Years of Life Lost due to coronavirus

This post is by Phil Price, not Andrew.

A few days ago I posted some thoughts about the coronavirus response, one of which was that I wanted to see ‘years of life lost’ in addition to (or even instead of) ‘deaths’. Mendel pointed me to a source of data for Florida cases and deaths, which I have used to do that calculation myself for that dataset. The plots below show:
(Top) Histogram of deaths as a function of age, colored by sex because why not, although I would rather color them by ‘number of comorbidities’ or something else informative, since the difference by sex isn’t all that big.
(Middle) Points are expected years of life remaining for a person of a given age, from the Social Security Administration; and the lines are from a model that I fit to the points in order to get a continuous function of age that runs from birth to…well, to any age, although it predicts the same number of remaining years of life (or rather months of life) for anyone over 108 years old.
(Bottom) Histogram of ‘expected years of life lost’, calculated using the functions shown in the middle, i.e. a function of age and sex only. This is presumably an overestimate because the people dying of COVID-19 were probably already sicker (and thus set to be shorter-lived on average) than their same-age peers, although perhaps not as much as news reports might suggest: sure, most COVID-19 deaths of people over 80 are of people who have several “co-morbidities”, but most people over 80 have some health issues so it would be very surprising if that weren’t true.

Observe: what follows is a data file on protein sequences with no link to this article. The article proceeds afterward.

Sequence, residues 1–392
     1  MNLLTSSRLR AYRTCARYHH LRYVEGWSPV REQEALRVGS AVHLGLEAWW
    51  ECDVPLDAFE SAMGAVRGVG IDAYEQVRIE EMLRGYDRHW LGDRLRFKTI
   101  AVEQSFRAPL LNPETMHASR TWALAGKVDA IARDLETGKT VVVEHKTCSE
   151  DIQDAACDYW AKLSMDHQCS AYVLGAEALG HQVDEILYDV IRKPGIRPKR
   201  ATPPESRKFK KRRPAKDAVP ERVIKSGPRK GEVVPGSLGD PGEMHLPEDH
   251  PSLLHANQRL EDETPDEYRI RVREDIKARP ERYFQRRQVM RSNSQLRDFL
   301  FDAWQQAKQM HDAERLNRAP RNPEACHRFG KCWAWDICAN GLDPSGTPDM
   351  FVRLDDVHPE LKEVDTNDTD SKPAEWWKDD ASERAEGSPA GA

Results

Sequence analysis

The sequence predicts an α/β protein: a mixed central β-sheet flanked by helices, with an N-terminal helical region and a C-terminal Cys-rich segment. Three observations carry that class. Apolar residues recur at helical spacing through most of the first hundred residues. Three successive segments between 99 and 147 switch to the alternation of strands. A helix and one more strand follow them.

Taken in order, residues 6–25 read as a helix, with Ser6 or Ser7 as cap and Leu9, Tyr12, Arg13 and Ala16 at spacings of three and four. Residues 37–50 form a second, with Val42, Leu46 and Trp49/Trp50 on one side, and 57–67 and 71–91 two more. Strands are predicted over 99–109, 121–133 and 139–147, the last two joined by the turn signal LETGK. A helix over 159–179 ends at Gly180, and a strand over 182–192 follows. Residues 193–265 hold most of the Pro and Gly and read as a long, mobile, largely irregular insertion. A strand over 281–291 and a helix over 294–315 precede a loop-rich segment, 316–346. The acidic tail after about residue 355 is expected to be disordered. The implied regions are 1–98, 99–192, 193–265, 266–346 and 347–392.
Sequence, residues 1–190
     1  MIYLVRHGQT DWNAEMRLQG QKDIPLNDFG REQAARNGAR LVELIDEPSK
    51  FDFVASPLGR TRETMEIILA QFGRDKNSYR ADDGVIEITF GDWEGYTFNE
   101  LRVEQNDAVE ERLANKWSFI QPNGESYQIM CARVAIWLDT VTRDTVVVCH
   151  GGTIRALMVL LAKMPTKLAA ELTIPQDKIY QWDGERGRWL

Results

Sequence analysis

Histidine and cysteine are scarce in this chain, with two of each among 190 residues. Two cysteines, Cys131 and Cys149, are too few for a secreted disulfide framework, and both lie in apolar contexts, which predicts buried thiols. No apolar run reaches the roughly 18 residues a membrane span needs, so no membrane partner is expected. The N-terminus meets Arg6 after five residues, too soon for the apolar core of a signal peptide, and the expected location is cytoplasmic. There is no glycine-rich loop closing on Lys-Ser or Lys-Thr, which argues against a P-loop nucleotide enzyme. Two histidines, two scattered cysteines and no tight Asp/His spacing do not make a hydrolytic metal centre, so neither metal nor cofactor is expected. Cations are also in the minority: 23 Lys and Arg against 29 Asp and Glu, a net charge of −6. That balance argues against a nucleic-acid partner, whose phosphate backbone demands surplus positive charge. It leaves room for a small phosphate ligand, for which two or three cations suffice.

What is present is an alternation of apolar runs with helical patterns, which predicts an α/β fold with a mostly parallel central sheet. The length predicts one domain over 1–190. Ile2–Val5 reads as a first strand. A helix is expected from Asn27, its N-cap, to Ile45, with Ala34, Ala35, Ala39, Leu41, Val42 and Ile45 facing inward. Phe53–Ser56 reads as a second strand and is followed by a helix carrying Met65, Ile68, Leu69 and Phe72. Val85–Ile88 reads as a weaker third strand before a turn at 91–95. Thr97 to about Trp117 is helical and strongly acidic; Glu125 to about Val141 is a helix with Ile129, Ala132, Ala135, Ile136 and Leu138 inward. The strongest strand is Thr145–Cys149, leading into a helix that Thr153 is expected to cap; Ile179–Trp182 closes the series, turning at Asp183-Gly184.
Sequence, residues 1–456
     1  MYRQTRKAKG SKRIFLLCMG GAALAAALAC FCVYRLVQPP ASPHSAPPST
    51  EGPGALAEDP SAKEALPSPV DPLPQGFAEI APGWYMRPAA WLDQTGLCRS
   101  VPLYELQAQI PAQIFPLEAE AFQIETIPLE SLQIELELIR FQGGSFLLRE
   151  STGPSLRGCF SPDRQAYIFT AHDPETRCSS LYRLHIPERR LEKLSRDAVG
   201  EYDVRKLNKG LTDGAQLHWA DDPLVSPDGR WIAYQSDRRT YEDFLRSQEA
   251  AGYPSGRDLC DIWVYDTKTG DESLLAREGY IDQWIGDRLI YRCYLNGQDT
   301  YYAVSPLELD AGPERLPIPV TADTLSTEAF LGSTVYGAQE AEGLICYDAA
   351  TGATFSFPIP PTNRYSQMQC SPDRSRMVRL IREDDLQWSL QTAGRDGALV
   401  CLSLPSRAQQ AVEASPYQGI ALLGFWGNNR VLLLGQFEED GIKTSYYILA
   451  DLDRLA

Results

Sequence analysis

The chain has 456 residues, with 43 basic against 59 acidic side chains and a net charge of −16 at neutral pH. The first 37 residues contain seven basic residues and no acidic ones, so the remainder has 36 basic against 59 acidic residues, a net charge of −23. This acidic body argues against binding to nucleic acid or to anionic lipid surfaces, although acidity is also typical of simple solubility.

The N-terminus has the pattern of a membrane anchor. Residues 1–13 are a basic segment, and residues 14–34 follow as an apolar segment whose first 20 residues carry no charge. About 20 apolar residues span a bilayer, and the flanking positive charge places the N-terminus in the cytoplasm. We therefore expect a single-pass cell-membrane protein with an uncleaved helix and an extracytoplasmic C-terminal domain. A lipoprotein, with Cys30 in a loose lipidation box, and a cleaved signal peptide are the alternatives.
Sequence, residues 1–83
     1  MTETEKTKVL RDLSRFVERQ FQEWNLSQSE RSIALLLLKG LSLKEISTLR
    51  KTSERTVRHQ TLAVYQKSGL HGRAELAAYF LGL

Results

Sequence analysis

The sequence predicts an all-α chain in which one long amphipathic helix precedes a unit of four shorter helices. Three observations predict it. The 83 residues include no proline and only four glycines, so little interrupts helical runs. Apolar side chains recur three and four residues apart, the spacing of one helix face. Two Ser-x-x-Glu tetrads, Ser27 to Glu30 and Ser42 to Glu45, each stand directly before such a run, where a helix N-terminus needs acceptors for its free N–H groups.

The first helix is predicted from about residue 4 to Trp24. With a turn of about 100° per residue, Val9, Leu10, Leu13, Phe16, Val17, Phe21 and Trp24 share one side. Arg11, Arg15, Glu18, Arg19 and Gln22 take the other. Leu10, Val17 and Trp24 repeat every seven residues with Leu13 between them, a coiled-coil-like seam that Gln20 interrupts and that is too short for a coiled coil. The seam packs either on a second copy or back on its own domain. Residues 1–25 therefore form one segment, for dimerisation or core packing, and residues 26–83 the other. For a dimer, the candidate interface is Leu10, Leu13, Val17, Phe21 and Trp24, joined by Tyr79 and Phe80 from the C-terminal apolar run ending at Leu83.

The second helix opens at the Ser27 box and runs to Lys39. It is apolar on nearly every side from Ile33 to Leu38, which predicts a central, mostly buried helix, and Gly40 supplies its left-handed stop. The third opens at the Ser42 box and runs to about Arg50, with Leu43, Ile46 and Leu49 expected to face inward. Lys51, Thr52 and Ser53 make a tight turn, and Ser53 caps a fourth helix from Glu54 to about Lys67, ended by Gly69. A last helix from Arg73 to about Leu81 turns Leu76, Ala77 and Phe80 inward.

The data through 5/12 include 1849 deaths, which the model predicts to represent 23177 years of life lost; that’s an average of about 12.5 years lost per death, but see the caveat in the explanation of the bottom plot. Is this a lot or a little? Daniel Lakeland has suggested dividing the years of life lost by 80 to get an equivalent number of lifetimes, where ‘equivalent’ just means equivalent in terms of life-years lost; in this case that gives us about 290, so the deaths of these 1849 people represent about the same loss of life-years as the death of 290 infants. This is not meant to imply that the tragedy is equal either way, it’s just a way to put this in terms that are easier to understand. 

It will be interesting to see if the YLL distribution (and the deaths distribution) shift towards lower ages as the pandemic progresses. At least in California most of the new cases are among workers. If better hygiene and social distancing have released the spread of the virus among the old, but it continues among the young, then we would expect to see fewer cases become deaths, but each death will represent more years of life lost. 

This post is by Phil.